I Vandal

“Dad this is awful. Look at what we’re doing, we’re laying out the grid for tomorrow’s ticky-tack sub-division.”

“It’s a job Bob. Someone else is going to do it if we don’t.”

“But look at this beautiful land. In a few months it’s going to be a thirsty lawn.”

“Do you want a paycheck or not? I can find someone else.”

I went to Fort Collins High School nested at the foot of the Rocky Mountains. In the early 70’s, the town became the fastest growing city in the United States, listed in numerous publications as one of the most desirable towns to live in. Untamed construction went wild and developments sprouted up like invasive Kudzu, pushing the borders of our town out for miles. This caused friction between father and son. It broke my heart knowing that the re-bar I pounded into the ground demarcated the property line of another ugly tract house.

Farmland was replaced by winding asphalt streets with names like Scarecrow, Ladymoon, and Blueyonder. New homes arrived in framed sections on the back of a flatbed. Once the foundation was poured, the bones of a cheap house could be up in a day. The suburban slums of tomorrow were built in two months’ time and sold before they were finished.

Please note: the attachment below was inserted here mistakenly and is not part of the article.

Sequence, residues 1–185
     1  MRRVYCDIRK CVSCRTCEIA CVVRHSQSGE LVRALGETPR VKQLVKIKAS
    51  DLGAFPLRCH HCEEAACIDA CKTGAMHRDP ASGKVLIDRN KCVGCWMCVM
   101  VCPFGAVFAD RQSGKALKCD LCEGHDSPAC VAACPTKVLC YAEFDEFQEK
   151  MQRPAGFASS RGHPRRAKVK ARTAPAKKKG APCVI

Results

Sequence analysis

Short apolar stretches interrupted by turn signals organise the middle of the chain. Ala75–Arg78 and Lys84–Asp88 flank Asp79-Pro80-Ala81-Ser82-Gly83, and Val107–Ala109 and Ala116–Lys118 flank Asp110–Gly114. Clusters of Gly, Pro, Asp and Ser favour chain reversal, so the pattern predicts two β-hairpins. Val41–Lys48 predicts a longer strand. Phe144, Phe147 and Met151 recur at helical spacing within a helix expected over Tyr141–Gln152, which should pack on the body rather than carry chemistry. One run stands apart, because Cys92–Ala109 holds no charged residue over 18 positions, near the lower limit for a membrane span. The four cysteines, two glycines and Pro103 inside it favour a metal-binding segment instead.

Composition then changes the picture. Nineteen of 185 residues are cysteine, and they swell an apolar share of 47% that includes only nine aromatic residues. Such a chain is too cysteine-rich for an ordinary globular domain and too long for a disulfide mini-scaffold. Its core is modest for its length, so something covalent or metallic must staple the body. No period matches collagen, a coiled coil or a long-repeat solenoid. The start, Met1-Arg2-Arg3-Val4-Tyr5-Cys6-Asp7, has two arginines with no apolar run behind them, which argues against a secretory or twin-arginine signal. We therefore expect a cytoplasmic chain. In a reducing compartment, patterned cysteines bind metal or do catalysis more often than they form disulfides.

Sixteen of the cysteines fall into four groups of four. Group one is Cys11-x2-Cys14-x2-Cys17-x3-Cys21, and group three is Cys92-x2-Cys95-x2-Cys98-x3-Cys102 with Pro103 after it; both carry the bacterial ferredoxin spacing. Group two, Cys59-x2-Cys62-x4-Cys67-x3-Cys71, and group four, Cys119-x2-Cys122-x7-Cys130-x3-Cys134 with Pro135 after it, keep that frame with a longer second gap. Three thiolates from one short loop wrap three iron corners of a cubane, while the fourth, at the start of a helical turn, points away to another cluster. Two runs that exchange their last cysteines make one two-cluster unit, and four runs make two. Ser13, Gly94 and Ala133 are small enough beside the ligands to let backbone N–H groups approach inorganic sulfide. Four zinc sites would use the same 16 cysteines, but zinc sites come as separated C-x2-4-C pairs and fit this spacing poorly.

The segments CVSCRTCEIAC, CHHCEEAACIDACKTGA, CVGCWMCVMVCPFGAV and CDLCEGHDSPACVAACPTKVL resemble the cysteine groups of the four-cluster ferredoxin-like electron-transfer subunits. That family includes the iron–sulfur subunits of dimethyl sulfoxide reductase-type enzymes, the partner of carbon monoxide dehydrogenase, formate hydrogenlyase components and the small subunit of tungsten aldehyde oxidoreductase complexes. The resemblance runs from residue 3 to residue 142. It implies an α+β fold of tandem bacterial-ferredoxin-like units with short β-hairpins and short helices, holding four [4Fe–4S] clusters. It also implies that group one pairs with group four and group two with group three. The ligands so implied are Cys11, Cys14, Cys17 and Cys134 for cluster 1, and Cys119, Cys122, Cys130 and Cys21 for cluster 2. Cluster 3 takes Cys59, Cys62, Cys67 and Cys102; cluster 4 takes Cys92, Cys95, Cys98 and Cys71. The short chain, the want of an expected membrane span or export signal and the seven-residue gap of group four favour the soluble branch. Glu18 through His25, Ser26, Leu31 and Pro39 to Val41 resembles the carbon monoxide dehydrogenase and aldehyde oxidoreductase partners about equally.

The citizens of Ft. Collins were very conservative. The town boasted the highest per capita listenership to the “Rush Limbaugh Show”. For a teenager like myself there wasn’t much to do. We drove aimlessly around in cars and went up to Horseshoe Reservoir to swim and possibly drink a six-pack, if Buzzy was around to buy it. I got my driver’s license on my sixteenth birthday and drove a topless four-cylinder Jeep with no seat belts. This is what I was driving when I got my first speeding ticket and a “fix-it” ticket for not having a driver’s license in my pocket. The cop explained that the second ticket would be dismissed, by showing my license to the Judge in traffic court.